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What is diabetes?
Diabetes is a metabolic disorder characterized by the presence of high blood sugar due to lack of insulin, reduced action of insulin, or both.
What is the difference between Type 1 and Type 2 diabetes?
In Type 1 Diabetes the body is unable to produce insulin.
In Type 2 Diabetes, there is typically a combination of poorly functioning insulin along with some degree of insulin shortage.
How can I manage my diabetes?
If you have Type 1 Diabetes you must use insulin injections because your body is unable to make insulin on its own.
Type 2 Diabetes is managed with a combination of diet and exercise, oral therapies, and/or insulin. This includes pills like Metformin and Gliclazide. There are many other types of medications that can be used if blood sugar goals are not being met with the current medication regimen. Insulin may be recommended if you are unable to achieve blood sugar targets with diet, exercise and oral therapies.
How can I manage my diabetes alongside my current medications?
- Education is important to ensure you are fully informed about your condition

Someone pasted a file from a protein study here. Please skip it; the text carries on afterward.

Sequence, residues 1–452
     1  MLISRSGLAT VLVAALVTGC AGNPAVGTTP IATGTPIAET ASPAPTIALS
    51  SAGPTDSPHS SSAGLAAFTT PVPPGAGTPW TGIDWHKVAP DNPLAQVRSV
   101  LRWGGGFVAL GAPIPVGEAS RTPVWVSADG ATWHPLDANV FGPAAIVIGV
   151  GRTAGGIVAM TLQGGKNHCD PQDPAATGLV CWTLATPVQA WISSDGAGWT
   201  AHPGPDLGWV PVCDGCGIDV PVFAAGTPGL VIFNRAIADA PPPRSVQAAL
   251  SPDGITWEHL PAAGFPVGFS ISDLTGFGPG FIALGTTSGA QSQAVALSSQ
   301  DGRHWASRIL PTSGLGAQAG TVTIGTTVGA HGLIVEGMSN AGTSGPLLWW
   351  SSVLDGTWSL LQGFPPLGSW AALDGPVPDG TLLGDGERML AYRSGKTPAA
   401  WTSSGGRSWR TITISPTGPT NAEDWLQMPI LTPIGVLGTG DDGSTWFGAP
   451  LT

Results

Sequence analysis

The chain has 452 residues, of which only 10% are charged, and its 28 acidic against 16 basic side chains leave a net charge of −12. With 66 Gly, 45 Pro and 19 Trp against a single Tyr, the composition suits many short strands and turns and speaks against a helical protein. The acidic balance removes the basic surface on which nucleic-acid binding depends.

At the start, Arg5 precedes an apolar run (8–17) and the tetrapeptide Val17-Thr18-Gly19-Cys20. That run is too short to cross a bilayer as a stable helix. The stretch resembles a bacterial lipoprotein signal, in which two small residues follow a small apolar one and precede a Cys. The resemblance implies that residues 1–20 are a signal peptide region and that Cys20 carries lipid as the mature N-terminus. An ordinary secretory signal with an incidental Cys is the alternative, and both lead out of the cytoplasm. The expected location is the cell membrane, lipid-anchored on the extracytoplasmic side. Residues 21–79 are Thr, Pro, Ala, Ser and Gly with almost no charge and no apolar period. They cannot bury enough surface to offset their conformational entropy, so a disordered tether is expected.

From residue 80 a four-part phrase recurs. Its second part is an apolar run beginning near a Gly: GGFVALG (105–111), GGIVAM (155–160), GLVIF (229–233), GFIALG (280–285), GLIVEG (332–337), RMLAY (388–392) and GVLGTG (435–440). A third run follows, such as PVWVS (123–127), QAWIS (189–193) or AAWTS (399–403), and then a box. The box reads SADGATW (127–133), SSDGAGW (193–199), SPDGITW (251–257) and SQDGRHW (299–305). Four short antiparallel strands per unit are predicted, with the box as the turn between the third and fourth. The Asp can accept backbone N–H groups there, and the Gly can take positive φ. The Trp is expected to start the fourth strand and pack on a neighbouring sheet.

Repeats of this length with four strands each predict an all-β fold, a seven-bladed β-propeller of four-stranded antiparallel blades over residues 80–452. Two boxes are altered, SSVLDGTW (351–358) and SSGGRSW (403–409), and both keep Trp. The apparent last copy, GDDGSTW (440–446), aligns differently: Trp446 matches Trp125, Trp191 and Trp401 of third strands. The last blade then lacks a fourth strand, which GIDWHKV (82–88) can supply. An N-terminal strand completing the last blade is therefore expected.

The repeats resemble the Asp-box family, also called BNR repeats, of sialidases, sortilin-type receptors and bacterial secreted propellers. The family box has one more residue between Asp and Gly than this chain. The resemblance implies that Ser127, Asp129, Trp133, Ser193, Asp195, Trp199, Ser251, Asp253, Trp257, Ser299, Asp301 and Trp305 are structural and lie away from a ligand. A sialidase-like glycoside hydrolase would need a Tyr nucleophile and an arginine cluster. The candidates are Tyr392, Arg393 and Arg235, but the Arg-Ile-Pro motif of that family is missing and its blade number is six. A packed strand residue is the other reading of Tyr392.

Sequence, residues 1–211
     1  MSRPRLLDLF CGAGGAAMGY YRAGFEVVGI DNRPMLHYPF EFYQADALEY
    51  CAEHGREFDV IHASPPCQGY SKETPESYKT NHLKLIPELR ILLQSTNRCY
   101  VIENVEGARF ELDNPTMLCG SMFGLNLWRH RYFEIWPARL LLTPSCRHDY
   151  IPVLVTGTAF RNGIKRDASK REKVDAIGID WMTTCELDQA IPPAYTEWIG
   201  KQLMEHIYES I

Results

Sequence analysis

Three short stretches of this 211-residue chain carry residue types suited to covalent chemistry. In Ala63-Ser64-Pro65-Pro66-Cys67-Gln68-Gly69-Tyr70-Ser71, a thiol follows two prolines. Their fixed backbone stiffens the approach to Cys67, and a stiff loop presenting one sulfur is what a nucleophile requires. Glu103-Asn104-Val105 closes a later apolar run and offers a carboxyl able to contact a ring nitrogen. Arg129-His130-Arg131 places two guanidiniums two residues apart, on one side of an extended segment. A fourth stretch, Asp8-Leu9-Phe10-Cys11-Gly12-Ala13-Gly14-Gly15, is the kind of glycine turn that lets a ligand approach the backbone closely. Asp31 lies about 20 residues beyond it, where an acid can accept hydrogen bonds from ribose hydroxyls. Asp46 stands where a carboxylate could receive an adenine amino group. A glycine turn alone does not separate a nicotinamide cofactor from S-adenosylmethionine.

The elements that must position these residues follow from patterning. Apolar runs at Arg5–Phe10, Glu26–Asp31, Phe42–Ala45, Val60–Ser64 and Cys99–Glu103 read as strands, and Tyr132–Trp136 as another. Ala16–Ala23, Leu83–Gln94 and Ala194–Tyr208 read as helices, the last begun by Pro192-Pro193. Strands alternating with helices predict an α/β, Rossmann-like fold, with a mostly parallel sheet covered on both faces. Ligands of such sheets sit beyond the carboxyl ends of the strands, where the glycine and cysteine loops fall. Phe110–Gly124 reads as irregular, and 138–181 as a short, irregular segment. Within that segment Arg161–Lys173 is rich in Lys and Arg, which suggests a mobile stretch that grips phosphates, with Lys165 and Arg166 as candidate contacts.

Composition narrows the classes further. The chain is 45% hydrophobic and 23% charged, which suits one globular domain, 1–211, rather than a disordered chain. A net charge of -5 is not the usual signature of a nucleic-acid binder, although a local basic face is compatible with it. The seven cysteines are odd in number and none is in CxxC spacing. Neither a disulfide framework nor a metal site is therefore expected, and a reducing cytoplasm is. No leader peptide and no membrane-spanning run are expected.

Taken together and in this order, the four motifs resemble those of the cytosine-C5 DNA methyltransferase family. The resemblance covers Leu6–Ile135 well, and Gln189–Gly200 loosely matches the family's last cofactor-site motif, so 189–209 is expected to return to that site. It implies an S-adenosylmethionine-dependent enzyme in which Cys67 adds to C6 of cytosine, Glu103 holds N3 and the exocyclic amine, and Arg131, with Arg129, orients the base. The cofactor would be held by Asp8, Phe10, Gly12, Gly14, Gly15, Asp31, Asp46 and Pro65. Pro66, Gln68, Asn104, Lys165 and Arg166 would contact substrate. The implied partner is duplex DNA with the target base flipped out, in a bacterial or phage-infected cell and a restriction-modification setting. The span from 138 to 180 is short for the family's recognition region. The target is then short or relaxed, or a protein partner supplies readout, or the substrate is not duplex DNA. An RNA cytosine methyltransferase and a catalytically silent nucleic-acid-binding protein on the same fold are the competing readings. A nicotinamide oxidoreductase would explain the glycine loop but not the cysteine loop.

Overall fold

- Diet and exercise play an important role in controlling blood sugar
- Make sure your blood pressure is well controlled. Elevated blood pressure increases the risk of eye, heart, and kidney disease.
- Weight management is particularly beneficial for managing Type 2 diabetes
- Stress management
Aside from medications, how can I “improve” my diabetes?
For people living with Type 2 Diabetes, the most common lifestyle changes focus on diet, increasing physical activity, and weight loss. Choosing “whole” foods over processed foods more often, as well as incorporating more fruits, vegetables and other high fiber foods into your diet is a great place to start. A consultation with a Registered Dietitian can guide meal planning specific to your needs.
What happens if I go low or high?
Management of blood glucose levels that are too low or too high depends on many factors including the medications you are taking. Your pharmacist can work with your physician to create an individualized action plan.
If I need a monitor, which one do I choose?
Glucose Monitoring is done for 3 main purposes:
- detect low blood sugar
- help with dose of medications, especially insulin
- determine how changes to diet, exercise, and medications are working
There are many options available for home monitoring of blood glucose. Your Pharmacy team can help you select one that is best suited to your needs.
Talk to your Lake Country Co-op Pharmacist today about how you can work together to successfully meet your diabetes goals.
Co-op Marketplace Location (Cornerstone)
777 – 801 15th Street East
Monday to Friday: 8am-7pm, Saturday 9am-6pm, Sunday 10am-6pm
Co-operative Health Centre Location
110 – 8th Street East
Monday to Friday: 8:30am-5pm, Closed Saturday and Sunday
Information gathered using Diabetes Canada online access by Shaelyn Grassick, PharmD